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Updated by Livia Morris Daniel on Oct 15, 2015
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American Life on the Homefront during WWII

This list has many resources linked that depict the different aspects of life here in the US during World War II. It has links that cover women in the workforce, rationing, victory gardens, Japanese internment, and other topics.

World War II on the Homefront: Civic Responsibility

This is actually an entire lesson idea, but it includes an awesome reading on life in American during World War II and the beginning and also examples of propaganda.

World War II Rationing on the Homefront - History.com Audio

Watch this video and listen carefully to the woman's responses to the what the two men say. She describes how she plans her meals and why. Also listen to what the men say about why Americans are canning!!

The U.S. Home Front During World War II - World War II - HISTORY.com

This reading on history.com is awesome! It covers the various aspects of American life during World War II. It is very "to the point" on the issues is covers!

Japanese-American Internment [ushistory.org]

This is a short reading on Japanese Internment during World War II in the US. This reading will describe why they were interned, where they were interned, and what life was like in the interment camps.

From Homemaker to Shipbuilder

Women in the Workforce! This reading discusses the various roles women played during WWII. It discusses how womens' roles changed during WWII. Many went to work in factories and took on what was previously considered a man's job

The American Family in World War II

This reading covers not only the hardships of wartime but also discusses how many Americans were excited and happy to help out with the war effort. Those that were left at home were very willing to do whatever they could to support "the boys overseas."

Digital History

This is a reading on the social changes of World War II. It discusses how fashion changed, changes in peoples' views of minority groups, and the evolving role of women's roles at home and in the military.

Revisiting a World War II Internment Camp, as Others Try to Keep Its Story From Fading

I love this resource, it shows the human side of war! Read the article and also watch the moving video. This article/video is about a Japanese internment victim who revisits the internment camp he was placed in many years ago.

Rosie the Riveter: Real Women Workers in World War II

Who doesn't love Rosie! This is a video about the true history behind Rosie the Riveter and women in the workforce!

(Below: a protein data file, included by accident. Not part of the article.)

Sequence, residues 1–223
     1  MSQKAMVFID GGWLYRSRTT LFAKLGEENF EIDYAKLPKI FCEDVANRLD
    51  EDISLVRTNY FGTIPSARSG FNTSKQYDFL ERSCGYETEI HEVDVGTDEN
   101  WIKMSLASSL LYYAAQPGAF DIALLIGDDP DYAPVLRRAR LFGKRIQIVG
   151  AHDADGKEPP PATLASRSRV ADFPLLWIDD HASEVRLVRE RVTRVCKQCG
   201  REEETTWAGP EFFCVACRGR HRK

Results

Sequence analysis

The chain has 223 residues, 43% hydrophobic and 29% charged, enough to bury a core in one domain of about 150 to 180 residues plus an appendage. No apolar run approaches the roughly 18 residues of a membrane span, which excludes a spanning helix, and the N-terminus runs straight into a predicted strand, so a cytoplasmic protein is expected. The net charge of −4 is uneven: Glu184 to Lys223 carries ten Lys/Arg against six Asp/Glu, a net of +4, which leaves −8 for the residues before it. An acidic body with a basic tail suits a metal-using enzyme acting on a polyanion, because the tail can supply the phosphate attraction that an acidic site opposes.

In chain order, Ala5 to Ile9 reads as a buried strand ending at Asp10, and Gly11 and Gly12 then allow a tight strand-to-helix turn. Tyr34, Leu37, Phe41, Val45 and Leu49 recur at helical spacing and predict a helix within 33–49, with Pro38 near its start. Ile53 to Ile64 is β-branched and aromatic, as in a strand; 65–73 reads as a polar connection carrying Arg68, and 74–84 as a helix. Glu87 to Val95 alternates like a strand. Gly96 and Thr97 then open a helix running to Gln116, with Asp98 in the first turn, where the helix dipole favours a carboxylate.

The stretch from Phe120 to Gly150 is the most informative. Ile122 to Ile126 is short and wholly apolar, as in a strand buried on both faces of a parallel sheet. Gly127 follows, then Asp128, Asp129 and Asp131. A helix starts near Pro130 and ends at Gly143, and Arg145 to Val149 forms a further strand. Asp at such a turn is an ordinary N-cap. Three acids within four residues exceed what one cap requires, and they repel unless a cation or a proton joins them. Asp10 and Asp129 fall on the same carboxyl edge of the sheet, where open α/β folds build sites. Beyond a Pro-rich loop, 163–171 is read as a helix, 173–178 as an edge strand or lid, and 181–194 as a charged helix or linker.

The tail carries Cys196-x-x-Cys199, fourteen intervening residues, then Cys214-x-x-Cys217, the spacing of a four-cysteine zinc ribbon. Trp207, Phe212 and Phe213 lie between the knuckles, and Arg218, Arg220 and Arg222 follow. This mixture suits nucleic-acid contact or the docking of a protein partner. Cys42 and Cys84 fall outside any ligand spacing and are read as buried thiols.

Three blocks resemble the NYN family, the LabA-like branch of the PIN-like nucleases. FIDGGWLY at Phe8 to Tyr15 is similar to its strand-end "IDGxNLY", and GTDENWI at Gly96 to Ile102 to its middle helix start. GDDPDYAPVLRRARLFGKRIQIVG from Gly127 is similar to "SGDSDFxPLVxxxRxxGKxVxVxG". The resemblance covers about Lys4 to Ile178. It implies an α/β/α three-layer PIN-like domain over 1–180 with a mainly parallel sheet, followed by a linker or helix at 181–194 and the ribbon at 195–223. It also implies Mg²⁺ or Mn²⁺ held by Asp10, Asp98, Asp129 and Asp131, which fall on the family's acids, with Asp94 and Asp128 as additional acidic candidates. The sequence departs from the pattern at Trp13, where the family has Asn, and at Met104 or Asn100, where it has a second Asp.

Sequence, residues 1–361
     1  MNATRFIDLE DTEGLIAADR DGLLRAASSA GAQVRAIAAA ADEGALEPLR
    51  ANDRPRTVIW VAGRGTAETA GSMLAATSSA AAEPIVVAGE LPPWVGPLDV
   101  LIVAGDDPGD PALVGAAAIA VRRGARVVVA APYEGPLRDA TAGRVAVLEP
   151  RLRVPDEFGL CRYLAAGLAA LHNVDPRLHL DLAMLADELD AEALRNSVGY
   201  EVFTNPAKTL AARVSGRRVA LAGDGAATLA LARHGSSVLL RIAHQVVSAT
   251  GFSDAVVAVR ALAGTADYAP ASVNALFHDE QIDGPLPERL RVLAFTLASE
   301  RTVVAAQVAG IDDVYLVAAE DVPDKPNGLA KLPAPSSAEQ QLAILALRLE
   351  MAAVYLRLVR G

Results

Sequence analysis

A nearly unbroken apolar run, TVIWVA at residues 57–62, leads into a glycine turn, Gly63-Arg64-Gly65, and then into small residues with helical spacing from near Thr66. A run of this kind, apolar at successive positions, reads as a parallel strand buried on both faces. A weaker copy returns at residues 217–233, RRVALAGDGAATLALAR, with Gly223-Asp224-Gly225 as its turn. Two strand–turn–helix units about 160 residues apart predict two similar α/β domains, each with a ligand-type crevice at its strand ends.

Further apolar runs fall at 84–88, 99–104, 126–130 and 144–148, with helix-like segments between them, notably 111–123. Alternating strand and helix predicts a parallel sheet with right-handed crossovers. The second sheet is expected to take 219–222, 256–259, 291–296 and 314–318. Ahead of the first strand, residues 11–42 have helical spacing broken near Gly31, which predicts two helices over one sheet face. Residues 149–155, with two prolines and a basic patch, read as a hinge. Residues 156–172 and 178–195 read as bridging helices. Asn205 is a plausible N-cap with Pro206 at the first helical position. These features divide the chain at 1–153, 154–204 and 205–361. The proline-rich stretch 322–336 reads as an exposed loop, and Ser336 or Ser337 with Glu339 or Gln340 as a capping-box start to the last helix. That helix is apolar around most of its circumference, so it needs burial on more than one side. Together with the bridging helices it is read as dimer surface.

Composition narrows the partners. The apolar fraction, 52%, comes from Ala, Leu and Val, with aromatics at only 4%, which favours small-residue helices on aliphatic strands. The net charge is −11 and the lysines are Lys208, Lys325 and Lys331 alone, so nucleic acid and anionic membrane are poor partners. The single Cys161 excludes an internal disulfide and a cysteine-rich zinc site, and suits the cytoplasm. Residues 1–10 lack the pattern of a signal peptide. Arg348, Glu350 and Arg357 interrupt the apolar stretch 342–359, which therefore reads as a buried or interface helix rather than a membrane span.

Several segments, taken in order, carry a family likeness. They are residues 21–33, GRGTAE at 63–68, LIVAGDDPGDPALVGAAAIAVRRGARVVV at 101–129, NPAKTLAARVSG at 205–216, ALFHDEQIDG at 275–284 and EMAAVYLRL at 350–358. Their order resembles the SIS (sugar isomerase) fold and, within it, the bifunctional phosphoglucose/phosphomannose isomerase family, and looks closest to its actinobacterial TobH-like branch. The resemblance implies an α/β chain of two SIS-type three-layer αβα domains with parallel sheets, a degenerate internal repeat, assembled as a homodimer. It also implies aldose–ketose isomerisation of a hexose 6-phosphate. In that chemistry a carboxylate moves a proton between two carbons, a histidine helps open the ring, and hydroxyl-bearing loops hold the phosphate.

Wartime Nutrition (1943)

This is a video from World War II discussing the importance of wartime nutrition. It discusses how EVERYONE was involved with this process. In the beginning, it shows the English people and how they rationed food. Then, it discusses the importance of nutrition in America. The video persuades Americans to eat nutritiously during World War II.

In 1945 a Japanese Bomb Exploded in Oregon, Killing Six

This is an article on the Japanese Balloon Bombs. It discusses the only successful Japanese balloon bomb. There was only one bomb that actually killed Americans, and they happened to be five children and their pregnant Sunday school teacher who were on a picnic.

5 Attacks on U.S. Soil During World War II - HISTORY Lists

Many people don't know that there were attempted attacks on US soil during World War II. This history.com reading discusses 5 attacks that happened here on the home front during World War II.

Victory Gardens during World War II

This is a reading on victory gardens in the US. It discusses how many were estimated to have been planted during the time and what items were planted.

Everyday Life During World War II

This is a quick reading on American life during World War II but the reason I "scooped" it was because there are so many pictures on the right side. These pictures detail the many different aspects of life during World War II at home. Each image has a description. I encourage you to read the descriptions!

Rosie the Riveter

It all started that shocking Sunday morning, December 7, 1941, as 183 Japanese warplanes attacked America's Hickam Field, Pearl Harbor, in Hawaii. The devastating results were 2,433 deaths, the destruction of 18 U.S. warships and 188 airplanes. The surprise attack left the nation stunned as President Roosevelt called the United States to war.

The Expansion of the U.S. Government and Other Domestic Impacts

"Rosie the Riveter" served as both a symbol of women's contributions to the war effort as well as a call to others to join. America was the largest military power in the world - in theory. The large population, generous natural resources, advanced infrastructure, and solid capital base were all just potential.